John Lennon returned his MBE to the Queen on this day, as an act of protest against the Vietnam war.
Lennon’s chauffeur Les Anthony returned the insignia of the award to Buckinham Palace in the morning, also delivering handwritten letters to the Queen, prime minister Harold Wilson, and the secretary of the Central Chancery, explaining his actions.
The letters were written on notepaper headed Bag Productions, the company Lennon had recently set up with Yoko Ono.
I am returning my MBE as a protest against Britain’s involvement in the Nigeria-Biafra thing, against our support of America in Vietnam and against ‘Cold Turkey’ slipping down the charts.
With love. John Lennon of Bag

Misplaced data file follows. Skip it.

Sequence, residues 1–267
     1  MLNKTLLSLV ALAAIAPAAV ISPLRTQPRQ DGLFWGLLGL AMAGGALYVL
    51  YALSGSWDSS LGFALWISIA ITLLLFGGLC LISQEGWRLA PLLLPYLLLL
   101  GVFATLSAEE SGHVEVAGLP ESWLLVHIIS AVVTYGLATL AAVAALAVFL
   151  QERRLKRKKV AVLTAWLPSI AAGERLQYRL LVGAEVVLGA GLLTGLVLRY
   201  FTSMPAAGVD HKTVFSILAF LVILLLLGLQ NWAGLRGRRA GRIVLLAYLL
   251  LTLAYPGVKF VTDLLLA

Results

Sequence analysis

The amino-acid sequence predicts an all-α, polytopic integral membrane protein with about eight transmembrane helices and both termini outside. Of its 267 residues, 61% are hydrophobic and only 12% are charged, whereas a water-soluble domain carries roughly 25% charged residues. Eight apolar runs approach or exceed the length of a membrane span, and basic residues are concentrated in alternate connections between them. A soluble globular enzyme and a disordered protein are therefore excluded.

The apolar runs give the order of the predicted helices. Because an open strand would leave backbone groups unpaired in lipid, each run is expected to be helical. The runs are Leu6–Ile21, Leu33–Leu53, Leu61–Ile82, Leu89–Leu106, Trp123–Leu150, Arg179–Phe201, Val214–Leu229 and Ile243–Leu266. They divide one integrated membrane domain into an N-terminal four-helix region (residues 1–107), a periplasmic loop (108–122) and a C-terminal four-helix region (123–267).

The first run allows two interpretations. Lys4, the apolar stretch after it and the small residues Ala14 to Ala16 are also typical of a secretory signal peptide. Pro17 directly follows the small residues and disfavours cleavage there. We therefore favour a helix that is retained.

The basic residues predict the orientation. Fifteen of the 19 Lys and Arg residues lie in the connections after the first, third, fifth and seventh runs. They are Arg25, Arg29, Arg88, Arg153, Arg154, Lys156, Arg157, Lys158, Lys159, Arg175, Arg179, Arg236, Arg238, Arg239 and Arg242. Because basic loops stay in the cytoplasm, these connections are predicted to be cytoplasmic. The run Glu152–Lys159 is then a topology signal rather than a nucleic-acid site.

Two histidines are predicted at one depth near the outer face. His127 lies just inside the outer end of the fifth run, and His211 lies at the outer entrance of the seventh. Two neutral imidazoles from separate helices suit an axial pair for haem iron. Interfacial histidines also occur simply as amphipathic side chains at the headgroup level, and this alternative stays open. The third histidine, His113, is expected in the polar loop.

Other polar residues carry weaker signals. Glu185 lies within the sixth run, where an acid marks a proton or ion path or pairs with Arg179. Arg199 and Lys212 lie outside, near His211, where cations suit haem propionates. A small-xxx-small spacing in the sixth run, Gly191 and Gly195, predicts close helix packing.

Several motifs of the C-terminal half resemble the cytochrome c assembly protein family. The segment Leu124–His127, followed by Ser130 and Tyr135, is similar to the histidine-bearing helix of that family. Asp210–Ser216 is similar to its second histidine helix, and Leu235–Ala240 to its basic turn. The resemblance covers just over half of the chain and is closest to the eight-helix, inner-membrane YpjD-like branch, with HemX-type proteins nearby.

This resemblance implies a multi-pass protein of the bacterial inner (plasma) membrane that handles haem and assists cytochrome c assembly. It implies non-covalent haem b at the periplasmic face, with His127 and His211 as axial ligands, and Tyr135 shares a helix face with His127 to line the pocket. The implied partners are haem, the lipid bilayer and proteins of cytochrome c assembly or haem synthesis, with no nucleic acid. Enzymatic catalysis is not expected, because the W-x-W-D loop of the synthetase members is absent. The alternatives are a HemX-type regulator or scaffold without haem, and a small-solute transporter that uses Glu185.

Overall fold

The action was predictably seized on by the media. Lennon gave an interview to David Bellan of BBC Radio Four in which he explained that he had been “mulling it over” for the past two years, and that the My Lai massacre carried out by the US Army in March 1968 had contributed to his decision.
He also said he had not consulted the other Beatles before returning his MBE, and that he had only accepted it after being persuaded by Brian Epstein. Lennon also held a press conference in the afternoon at Apple, and filmed an interview for Reuters.
The Beatles had each been awarded the Member of the Order of the British Empire in the Queen’s 1965 birthday honours. The news was announced on 11 June that year, and the group received the awards at the palace on 26 October.
Lennon’s MBE insignia was rediscovered in a royal vault in January 2009, 40 years after it was returned. It was found at the Central Chancery of the Orders of Knighthood at St James’s Palace, where it had been kept from its day of return. It was still in its original presentation case alongside Lennon’s letter to the Queen.